With regards to the stamping tools, there is a wide array of imprint patterns available including stars, diamonds and raindrops. Carving tools are made for carving lines into the leather (without going through to the other side) and are good for making image outlines. A popular example of a carving tool is the swivel knife. Stamps that compliment carving outlines include the beveler, the background tool, the seeder, and the pear shader, all of which are used to enhance the image with a series of indents which add texture, realism and an overall 3D effect.

You can see a large list of available tools and supplies by clicking here - now you know how it can become expensive! But I would say only get the very basics to start with and then only buy more as you require it. I'm sure a lot of expert leatherworkers don't even have all of those on that list :) For a more realistic list for keen beginners, an all-round range of tools can be seen here.

Another technique you can experiment with is molding the leather using water (also called 'casing'). Wet molding really is quite simple (and fun) to do so don't be put off if it sounds complicated! Basically you wet the leather so that it becomes flexible and malleable and then you mold it around the item you are going to enclose in the leather - or a replica of it. For instance, if you are making a knife sheath you would press the hide onto the knife to fit it closely, so that when it dries, you would have leather in the shape of the knife. On the other hand, if you were making an iPhone case , you wouldn't want to be wrapping anything wet around it so you would need to make a replica (e.g. out of MDF) to act as the mold in its place.

The Making of Straps, Hats, Wallets and More

Very clear and useful step-by-step demonstrations of how experts make wallets, guitar straps and more.

DIY Pocket Mirror


What you will need:

* 1 round pocket-sized glass mirror 2" in diameter (you can find these in the arts & crafts section on Amazon)

If you would like to use a different mirror diameter you can, just adjust the leather circle diameters too.

* 2 circles of leather of equal size; the diameter of each should be the diameter of the mirror plus 3/4" (in this case the diameter will therefore be 2 3/4"). The leather shouldn't be too flimsy, but not too thick either. 3oz (1.2mm) would be a good choice in terms of thickness.

* Compass

* Marker pen

* Ruler

* Awl

* Needle and brown (or a contrasting color) waxed thread

* Leather shears, utility knife (and cutting mat), or scissors

* Scrap piece of wood or a surface you don't mind putting holes in

- Loosely fold one of the leather pieces in half twice and cut off the tip to mark the center, or use a ruler to find the center and use an awl to make a hole there.

- Use your ruler to mark points on opposite sides of the circle, using the center point as a guide. Each point should be 1/4" from the outside edge and should be marked by using the awl to make an indent (but not a hole yet)

- Using the above diagram as a reference, mark the black points first, then you can mark the red points in between the black marks, and then finally the blue points between each pair of red marks. This way you will get points which are equally spaced.

- Put this marked leather circle on top of the other leather circle so that the smooth (front) surfaces of the pieces face outwards and the backs of the pieces are placed together.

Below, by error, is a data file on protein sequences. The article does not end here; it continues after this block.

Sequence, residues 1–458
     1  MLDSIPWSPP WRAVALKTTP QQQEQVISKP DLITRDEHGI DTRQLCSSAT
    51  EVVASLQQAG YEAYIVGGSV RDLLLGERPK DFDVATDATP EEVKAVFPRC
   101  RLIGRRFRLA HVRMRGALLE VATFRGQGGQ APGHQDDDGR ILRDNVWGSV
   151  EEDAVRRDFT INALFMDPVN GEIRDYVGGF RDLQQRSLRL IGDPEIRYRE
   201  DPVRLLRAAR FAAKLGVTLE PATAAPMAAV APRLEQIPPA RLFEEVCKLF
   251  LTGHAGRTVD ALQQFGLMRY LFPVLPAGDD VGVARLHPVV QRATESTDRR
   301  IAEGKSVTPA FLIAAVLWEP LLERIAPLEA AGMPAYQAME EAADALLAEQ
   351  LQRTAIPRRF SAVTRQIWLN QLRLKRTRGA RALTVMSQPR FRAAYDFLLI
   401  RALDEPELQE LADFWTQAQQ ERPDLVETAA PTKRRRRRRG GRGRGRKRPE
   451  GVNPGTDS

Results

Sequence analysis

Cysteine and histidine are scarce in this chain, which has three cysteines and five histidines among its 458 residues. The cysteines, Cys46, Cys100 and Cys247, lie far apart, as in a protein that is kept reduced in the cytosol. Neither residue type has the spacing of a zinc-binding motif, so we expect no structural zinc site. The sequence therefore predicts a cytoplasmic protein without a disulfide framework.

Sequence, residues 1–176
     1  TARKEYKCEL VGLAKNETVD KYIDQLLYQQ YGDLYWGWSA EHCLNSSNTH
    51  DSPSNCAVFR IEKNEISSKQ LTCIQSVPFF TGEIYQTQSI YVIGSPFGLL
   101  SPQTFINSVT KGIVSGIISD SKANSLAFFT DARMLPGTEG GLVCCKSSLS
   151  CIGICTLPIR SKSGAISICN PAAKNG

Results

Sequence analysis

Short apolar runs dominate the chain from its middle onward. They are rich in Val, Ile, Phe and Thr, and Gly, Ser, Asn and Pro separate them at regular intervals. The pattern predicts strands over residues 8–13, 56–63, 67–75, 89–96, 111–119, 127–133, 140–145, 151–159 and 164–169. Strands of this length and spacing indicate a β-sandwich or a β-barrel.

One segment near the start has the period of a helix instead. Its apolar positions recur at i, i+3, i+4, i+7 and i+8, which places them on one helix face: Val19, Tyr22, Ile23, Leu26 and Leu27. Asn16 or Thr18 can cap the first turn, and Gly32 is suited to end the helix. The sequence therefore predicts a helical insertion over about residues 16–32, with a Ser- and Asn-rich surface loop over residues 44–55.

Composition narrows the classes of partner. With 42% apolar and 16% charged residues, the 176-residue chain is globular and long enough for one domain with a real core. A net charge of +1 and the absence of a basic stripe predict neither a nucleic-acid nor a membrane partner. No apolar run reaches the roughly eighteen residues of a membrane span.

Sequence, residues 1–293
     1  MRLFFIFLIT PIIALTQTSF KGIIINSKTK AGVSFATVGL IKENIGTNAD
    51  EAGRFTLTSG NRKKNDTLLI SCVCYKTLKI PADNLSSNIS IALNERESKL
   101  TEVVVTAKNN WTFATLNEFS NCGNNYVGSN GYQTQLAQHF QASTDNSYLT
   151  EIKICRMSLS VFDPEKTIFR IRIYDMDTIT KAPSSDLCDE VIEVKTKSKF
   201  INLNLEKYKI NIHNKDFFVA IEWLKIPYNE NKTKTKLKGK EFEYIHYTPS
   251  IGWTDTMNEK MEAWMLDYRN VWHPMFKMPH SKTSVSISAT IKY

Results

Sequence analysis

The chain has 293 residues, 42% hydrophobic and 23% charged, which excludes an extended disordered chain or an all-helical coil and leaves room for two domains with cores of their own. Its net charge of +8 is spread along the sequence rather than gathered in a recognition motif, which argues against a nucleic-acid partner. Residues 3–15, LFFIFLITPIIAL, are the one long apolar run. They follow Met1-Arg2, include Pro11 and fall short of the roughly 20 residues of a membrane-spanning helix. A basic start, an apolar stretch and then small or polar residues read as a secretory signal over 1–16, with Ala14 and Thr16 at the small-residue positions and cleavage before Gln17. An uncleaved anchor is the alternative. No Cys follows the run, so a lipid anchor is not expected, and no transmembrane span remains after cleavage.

- Make sure the circles are perfectly aligned, and then place them on a flat, solid piece of scrap wood. Use the awl to make a hole straight through both pieces of leather at each of the marked points, so you should end up with 2 leather circles that have 16 holes around the outside.

- Use your compass to mark out a circle outline on the top leather circle (that already has a hole in the center). This circle should be marked on the reverse side, it should be centered and should have a diameter of 1 1/2". Cut this circle out with a utility knife (and a cutting mat underneath) or with shears/scissors. This will give you a ring shape.

- Place this ring back on top of the leather circle and use a strong needle and some waxed thread to sew both pieces together, by going up and down through each of the holes you have created with the awl. Enter the first hole by going in between the two leather pieces and leaving a thread tail of about 3-4". Finish like this as well and knot the two loose thread ends together to secure. This knot will be hidden in between the pieces. Then just cut off the thread surplus.

- That's it! If you want to use a different stitch (2-needle stitching or saddle/blanket stitch), or want to add a stamped design, you can of course do this and any other variation you like.

Dyeing Leather

Photo and work by Attila Acs - click here for the tutorial.

A Variety Of Stamping Tools


Techniques & Tools (...cont)

Popular Leather Tools & What They Do

Other leather craft methods include:

- Cutting: Leather hides are natural products and therefore don't come in neat rectangle shapes, so in order to get a piece of leather the size you want you will have to cut through it, and there are various ways of doing this.

If you are cutting out straps with parallel sides - such as belts - then a strap cutter tool is invaluable because it measures and cuts at the same time. In the usual cases though, a (heavy-duty if the leather is thick) utility knife or other leather knife is popular, as are leather shears. Just remember to keep knife blades sharp, or replace them in the case of utility knives. If you are making a high number of identical shapes, it might be worth getting a die cutter made to save you time compared to measuring out and cutting every shape individually.

- Sewing: Most leathers projects are hand sewn with strong needles made especially for leatherworking, together with waxed thread. If you want to, you can buy regular unwaxed thread and wax it yourself by drawing the thread across a block of beeswax. Synthetic threads can be melted at the ends to stop them fraying too (using a lighter) but be careful and getting burn marks on the leather. Another alternative is artificial sinew, as a modern replacement for natural sinew which was traditionally used.